Adair Park

Newcomers rediscover the charms of this southwest hood
Published 10.07.00
Adair Park
Life is changing on the bungalow-lined streets of Adair Park. The rhythmic sound of hammers is replacing screeching police sirens. After years of exodus, young people are moving back into the neighborhood. The relocation to Adair Park is still a trickle, but even a trickle eventually fills a bucket. Perry Thornton and his wife Jackie are typical of the young professionals who have rediscovered the charms of Adair Park. Like many new residents, the Thorntons were encouraged to move to the Southwest Atlanta neighborhood through a program associated with their alma mater, Clark Atlanta University. At first they were a little skeptical about the move, but after seeing the beautiful bungalows, the idea grew on them. "We moved here and made a pledge to stay at least five years," says Perry, "but we will be staying a lot longer."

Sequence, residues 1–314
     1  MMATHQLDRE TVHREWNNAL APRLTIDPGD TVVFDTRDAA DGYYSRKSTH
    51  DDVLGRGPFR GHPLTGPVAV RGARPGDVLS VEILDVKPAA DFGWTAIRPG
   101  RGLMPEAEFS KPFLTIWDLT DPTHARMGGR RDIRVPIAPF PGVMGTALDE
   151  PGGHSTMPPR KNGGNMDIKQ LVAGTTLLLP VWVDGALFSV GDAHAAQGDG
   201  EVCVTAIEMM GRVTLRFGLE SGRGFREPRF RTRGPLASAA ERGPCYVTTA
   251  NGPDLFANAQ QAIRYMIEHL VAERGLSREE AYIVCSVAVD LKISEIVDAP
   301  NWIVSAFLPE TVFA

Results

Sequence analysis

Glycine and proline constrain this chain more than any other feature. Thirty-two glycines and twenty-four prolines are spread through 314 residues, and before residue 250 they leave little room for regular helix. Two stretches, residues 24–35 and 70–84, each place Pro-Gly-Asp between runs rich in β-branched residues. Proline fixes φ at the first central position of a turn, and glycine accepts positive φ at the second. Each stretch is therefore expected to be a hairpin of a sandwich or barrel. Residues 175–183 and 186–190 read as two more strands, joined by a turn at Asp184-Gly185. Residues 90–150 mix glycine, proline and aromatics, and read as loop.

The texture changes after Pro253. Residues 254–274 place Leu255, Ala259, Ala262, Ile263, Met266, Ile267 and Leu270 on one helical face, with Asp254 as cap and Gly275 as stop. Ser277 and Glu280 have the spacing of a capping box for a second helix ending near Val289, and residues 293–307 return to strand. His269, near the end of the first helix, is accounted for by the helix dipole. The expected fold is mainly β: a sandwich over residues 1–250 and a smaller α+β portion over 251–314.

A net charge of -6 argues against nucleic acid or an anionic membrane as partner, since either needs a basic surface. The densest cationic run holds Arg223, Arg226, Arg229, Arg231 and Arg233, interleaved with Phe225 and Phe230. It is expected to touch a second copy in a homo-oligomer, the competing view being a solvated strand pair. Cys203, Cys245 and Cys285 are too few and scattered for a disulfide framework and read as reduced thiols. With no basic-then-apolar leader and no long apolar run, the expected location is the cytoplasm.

One of the reasons people have not been flooding into Adair Park is the lack of a high-quality neighborhood school. "We think a school will go a long way in redeveloping the community," says Perry. He is part of a group of neighborhood volunteers who are laying the groundwork for a charter school. So far the group has secured $8.5 million in private funding and hopes to open the school in Adair Park next year.

Along with the ambitious newcomers, Adair Park is populated with many lifelong residents. "This is a community where people don't give up their houses," explains life resident Jeannie Mills, "this is our home, so we stay."

Helping to foster the continued sense of community among old-timers and newcomers is the neighborhood's annual homecoming. Those who have moved away come back to visit friends and rekindle their ties to the neighborhood.

Much of what draws, and keeps people in the Adair Park community, is its beautiful older homes. Most homes were built in the early 1920s and range in size from modest to large. Neighbors also praise the wide curving streets -- 10 feet wider than streets in most intown neighborhoods -- and two beautiful parks. Residents of Adair Park believe, for the money, you can't find a better place to live.



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